Carol Cummings, RN, BSN, Expert on Aging Well

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17 January 2020

The ill-effects of loneliness on seniors are well documented and can lead to an array of health problems, and even death. According to a Health Resources and Services Administration study, those who are lonely have a 45% increased risk of mortality, making it an important risk factor for health care professionals to evaluate. In fact, this same study says that loneliness can be as damaging to health as smoking 15 cigarettes a day.  

While many older adults live alone and are socially isolated, according to an article in the Archives of Internal Medicine, loneliness is distinct from these measures and can exist within the context of marriage or in a community setting. This is why it is important to evaluate it separately from social connections and interactions.

For February’s Optimum Life Continuing Education Series, I sit down with Charles Richardson, senior director of resident programs at Brookdale, to discuss this topic. Engagement: Combatting Isolation and Loneliness in Older Adults is offered to nurses, nursing home administrators, case managers and social workers for continuing education credit.

This webinar highlights the importance of identifying loneliness, explores the role of ageism in developing feelings of isolation, and discusses how relationships and a sense of purpose can ease those negative feelings.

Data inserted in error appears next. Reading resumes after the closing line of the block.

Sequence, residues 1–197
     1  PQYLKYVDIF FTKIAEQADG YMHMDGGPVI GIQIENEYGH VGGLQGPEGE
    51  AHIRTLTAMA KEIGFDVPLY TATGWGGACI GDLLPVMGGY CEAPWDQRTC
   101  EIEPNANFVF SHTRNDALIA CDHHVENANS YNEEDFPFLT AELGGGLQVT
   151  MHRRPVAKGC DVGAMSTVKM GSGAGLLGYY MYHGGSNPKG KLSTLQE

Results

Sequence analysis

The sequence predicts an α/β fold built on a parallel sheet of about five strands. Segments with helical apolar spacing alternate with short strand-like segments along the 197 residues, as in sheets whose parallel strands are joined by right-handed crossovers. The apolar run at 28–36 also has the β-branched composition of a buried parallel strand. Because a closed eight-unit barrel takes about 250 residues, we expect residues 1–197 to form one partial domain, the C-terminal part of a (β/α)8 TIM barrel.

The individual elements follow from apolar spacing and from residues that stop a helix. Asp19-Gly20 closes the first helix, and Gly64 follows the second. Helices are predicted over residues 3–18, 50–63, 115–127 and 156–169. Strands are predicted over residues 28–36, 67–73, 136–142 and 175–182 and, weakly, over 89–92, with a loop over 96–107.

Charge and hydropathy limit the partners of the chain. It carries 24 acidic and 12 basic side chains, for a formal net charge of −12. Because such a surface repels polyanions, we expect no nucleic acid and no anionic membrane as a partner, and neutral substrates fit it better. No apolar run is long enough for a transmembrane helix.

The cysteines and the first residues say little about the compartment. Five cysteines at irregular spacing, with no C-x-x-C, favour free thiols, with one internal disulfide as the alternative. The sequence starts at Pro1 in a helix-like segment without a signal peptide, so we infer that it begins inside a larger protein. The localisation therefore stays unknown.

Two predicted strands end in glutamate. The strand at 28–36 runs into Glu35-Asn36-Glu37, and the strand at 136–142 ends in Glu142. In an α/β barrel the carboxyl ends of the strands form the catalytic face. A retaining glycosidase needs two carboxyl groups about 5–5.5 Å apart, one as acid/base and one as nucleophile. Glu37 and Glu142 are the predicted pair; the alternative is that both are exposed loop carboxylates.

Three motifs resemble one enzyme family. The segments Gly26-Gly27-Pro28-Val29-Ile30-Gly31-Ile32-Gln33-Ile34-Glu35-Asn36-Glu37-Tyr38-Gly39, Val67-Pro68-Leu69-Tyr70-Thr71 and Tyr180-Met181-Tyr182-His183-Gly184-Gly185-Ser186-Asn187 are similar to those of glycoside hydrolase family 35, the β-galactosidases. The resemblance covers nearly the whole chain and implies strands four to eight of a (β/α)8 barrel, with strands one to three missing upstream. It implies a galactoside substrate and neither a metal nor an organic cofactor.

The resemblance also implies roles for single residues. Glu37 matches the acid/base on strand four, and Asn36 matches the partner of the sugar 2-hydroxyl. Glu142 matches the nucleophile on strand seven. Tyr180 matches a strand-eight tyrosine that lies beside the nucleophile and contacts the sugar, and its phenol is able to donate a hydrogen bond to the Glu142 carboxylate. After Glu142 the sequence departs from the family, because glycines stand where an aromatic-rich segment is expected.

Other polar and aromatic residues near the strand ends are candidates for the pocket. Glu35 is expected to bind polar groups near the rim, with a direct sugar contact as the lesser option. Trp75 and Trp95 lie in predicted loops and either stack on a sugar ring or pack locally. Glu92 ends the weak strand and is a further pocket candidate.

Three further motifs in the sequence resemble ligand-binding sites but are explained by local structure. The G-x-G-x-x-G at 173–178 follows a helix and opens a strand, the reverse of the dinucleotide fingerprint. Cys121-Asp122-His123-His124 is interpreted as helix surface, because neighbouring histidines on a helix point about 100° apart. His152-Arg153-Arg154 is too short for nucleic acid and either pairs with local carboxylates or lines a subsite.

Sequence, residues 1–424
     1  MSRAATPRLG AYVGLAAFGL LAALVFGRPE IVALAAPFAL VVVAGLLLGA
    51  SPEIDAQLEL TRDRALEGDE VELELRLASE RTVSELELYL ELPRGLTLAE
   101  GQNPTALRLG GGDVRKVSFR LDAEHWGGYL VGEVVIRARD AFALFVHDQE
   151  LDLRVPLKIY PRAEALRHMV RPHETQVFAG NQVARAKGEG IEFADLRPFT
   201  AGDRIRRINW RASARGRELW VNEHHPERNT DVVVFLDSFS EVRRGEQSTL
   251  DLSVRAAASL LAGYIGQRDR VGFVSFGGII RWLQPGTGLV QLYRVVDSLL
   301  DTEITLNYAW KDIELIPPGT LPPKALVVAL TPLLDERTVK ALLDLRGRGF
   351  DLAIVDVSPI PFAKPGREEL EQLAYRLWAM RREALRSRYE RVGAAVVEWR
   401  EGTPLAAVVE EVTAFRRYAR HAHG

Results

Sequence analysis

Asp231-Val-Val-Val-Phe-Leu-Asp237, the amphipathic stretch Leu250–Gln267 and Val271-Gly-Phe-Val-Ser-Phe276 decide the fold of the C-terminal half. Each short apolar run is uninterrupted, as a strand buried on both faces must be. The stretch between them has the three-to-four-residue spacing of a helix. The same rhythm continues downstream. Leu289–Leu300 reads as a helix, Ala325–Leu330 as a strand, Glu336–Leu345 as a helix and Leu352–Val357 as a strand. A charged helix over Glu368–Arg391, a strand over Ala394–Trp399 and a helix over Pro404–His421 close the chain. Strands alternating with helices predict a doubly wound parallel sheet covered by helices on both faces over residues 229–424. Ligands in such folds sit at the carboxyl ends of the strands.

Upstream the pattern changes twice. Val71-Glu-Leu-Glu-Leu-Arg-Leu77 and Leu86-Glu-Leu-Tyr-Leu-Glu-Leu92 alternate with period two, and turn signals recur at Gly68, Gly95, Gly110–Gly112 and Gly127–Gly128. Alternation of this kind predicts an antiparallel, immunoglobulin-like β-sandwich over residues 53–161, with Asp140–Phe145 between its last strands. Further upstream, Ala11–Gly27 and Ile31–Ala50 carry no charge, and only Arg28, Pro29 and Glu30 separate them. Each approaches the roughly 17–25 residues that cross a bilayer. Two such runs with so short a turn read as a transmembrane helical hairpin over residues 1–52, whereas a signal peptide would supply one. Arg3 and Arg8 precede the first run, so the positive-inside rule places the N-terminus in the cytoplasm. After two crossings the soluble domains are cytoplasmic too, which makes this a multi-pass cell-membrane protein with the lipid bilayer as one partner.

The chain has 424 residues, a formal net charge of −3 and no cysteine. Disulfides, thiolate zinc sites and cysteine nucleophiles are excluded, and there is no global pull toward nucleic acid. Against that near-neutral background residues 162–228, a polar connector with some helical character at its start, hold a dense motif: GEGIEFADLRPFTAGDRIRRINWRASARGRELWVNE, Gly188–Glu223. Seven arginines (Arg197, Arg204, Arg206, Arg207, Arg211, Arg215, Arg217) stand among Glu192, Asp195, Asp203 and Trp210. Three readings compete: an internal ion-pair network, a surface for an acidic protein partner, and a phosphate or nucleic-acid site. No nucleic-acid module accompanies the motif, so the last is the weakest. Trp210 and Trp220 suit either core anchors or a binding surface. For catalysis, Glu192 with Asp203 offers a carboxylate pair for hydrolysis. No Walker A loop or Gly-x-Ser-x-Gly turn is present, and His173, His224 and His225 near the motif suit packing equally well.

“I believe that the impact of ageism, specifically our society’s tendency to treat older adults like children, contributes to feelings of loneliness,” said Richardson. “Tackling this issue and helping aging adults see and really understand their value will help combat loneliness.”

If you think a family member, friend, patient or resident is having feelings of loneliness, Richardson and I offer four tips for easing those feelings.  

  1. Take a person-centered approach in every setting. Get to know the older adults that you care for. Learn what matters to them and what will bring them meaning.
  2. Find Purpose. Many older adults need to reinvent their purpose in their later years due to the loss of family or other roles, and they may need help and encouragement. Help them explore new interests, values and passions.
  3. Encourage friendship. Increase the number of meaningful relationships in their life by connecting them with other people who have similar hobbies.
  4. Encourage acceptance.   Accepting the aging process leads to a more positive outlook and a willingness to enjoy what is still possible. Help older adults work through the challenges of aging by encouraging the expression of feelings and focusing on what they are still able to accomplish or enjoy in their life.

“Simple acts can lead to monumental improvements,” said Richardson.

In addition to these tips, the Engagement: Combatting Loneliness in Older Adults webinar will:

  • Explain the existence and risks of isolation and loneliness for older adults.
  • Discuss the importance of identifying and addressing loneliness in older adults in all settings.
  • Define ageism and its role in driving and supporting society stereotypes that impact older adults’ feelings of isolation and loss of meaning.
  • Articulate how a culture of relationships, connections and purpose help to combat isolation and reduce loneliness.

To learn more and to register for Engagement: Combatting Loneliness in Older Adults for professional credit, visit Brookdale’s Optimum Life Continuing Education page.

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